Prime Minister Binyamin Netanyahu said on Wednesday that, when it comes to peace talks with the Palestinian Authority (PA), “it’s time to stop negotiating about the negotiations.”
Speaking during inter-governmental consultations in Poland, Netanyahu called on PA Chairman Mahmoud Abbas, who has refused to talk to Israel for nearly three years, to come to the table without preconditions.
"I want peace. To achieve peace, we must negotiate peace,” he said. “We want to see this American effort succeed. Israel is ready for the resumption of direct negotiations for peace without preconditions. I think it is time to stop squabbling over preconditions. I think it's time to stop negotiating about the negotiations. I think we have to start peace talks immediately.”
Netanyahu added, “My goal is to see a historic compromise that ends the conflict between Israelis and Palestinians once and for all. This will entail a demilitarized Palestinian state that recognizes the Jewish state, with iron clad security arrangements for Israel – recognition, security, demilitarization. I believe that these are the elements for peace. I don't pose them as preconditions for negotiations. I look forward to enter those negotiations without preconditions without delay. I am ready for such a peace. I hope the Palestinians are ready too.”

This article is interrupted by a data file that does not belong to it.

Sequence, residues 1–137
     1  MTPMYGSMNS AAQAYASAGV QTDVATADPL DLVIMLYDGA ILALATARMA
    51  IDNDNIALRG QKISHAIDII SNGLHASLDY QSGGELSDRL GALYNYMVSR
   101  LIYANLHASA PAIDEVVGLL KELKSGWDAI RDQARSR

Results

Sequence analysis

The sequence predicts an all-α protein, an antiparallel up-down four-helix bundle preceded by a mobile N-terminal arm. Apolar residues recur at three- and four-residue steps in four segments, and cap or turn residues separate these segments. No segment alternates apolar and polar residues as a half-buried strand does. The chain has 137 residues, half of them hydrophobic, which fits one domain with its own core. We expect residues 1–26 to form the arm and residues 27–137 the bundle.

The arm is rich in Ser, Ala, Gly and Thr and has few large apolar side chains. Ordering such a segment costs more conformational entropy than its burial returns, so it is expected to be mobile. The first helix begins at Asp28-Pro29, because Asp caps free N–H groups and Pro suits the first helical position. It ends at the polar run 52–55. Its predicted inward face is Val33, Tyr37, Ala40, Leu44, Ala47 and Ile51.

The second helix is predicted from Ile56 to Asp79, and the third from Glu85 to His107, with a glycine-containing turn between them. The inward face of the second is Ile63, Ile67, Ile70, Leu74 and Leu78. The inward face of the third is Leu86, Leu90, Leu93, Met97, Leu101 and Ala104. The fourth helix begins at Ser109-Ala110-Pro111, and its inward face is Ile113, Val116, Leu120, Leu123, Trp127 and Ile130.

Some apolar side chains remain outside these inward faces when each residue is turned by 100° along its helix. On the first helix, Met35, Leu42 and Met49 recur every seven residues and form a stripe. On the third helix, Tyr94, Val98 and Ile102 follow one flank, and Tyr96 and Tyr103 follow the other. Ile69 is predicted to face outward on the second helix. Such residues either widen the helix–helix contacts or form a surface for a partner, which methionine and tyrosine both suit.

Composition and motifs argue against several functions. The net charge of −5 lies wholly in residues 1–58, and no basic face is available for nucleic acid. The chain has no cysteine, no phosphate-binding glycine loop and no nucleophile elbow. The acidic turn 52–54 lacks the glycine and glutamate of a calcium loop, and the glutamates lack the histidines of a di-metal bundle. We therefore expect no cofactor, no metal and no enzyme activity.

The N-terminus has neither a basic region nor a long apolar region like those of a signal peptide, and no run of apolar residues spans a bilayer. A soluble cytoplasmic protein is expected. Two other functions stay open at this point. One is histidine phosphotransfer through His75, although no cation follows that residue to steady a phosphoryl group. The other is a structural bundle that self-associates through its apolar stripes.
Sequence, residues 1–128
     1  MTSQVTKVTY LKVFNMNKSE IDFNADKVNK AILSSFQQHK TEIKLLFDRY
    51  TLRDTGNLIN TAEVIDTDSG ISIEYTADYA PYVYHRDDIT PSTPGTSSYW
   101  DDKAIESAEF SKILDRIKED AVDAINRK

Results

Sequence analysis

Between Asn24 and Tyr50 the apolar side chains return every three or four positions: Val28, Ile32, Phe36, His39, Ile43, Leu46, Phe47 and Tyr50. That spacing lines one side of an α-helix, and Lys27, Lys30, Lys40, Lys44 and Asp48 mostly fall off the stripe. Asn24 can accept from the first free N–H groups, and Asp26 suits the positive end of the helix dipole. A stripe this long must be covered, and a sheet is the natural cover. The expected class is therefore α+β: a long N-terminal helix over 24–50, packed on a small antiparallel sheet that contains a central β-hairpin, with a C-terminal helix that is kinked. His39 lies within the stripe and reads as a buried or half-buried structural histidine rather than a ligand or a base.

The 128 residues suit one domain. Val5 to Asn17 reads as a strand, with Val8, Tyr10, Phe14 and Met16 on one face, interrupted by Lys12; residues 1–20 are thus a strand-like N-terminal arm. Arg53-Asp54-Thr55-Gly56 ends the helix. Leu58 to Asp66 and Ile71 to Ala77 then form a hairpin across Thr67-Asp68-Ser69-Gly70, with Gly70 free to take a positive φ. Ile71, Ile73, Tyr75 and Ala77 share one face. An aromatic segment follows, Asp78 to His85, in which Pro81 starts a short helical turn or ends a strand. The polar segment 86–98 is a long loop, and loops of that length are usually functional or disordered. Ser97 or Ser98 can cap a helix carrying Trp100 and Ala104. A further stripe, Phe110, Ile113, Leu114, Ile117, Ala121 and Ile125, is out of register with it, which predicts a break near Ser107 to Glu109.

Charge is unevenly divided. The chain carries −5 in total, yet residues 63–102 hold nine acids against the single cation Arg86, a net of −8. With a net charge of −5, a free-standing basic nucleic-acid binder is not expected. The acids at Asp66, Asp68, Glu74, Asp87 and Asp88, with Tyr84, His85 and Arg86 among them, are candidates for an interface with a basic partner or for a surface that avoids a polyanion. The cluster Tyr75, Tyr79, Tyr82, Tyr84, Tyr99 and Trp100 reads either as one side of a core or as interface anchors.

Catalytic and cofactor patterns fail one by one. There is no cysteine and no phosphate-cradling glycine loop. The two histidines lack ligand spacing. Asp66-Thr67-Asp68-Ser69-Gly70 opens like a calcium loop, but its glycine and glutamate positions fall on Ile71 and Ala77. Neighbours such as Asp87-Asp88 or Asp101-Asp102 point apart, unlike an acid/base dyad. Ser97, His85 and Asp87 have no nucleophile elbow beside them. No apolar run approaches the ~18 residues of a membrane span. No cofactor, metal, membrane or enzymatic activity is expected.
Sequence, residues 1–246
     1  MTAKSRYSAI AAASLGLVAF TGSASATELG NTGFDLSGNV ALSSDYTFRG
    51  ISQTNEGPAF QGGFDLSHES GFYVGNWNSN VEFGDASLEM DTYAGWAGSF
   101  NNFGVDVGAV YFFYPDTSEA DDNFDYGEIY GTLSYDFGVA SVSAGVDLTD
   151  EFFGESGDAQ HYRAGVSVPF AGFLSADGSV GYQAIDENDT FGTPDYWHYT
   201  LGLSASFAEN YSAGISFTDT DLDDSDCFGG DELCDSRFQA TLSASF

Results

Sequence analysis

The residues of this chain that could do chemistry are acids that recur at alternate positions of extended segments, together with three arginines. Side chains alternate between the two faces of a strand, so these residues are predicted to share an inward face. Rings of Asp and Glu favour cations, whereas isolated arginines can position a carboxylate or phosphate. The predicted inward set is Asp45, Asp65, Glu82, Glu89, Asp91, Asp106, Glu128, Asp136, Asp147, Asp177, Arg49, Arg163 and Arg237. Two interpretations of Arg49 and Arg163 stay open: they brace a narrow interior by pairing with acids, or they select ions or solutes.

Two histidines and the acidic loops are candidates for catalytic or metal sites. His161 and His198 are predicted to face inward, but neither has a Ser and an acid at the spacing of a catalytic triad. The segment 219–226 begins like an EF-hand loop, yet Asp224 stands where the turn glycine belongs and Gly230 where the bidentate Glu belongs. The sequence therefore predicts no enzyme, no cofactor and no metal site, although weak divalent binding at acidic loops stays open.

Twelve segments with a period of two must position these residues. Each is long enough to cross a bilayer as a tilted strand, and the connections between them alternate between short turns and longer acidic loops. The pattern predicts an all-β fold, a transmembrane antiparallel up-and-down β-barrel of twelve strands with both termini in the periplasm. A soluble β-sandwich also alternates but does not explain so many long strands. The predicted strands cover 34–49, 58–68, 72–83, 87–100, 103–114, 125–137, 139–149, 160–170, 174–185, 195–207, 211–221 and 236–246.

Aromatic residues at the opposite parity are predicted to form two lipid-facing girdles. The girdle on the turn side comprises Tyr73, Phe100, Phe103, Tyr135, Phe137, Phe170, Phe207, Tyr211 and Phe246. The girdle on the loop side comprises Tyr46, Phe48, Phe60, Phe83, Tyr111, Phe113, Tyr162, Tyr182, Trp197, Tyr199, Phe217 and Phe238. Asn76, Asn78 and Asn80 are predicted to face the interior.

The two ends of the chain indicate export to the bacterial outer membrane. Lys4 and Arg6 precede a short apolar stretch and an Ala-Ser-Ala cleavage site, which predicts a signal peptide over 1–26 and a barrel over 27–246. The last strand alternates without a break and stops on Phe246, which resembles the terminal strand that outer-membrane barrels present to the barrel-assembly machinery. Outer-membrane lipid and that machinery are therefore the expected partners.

Netanyahu disavowed the statement, released earlier in the day by the Prime Minister’s Office and which would have expressed strong support for the "two state solution".
An aide explained that the prime minister had not gone over the text, and added, "It was written by junior-level officers in the National Security Council."
Abbas, instead of talking to Israel, has continued to impose preconditions on talks, including a demand that Israel release terrorists who were jailed before 1993, freeze construction in Judea, Samaria and eastern Jerusalem and even present a map of the future Palestinian state before any negotiations take place.
He has repeatedly ignored calls by Netanyahu to come to the negotiating table, but has been facing pressure from U.S. Secretary of State John Kerry to resume peace talks.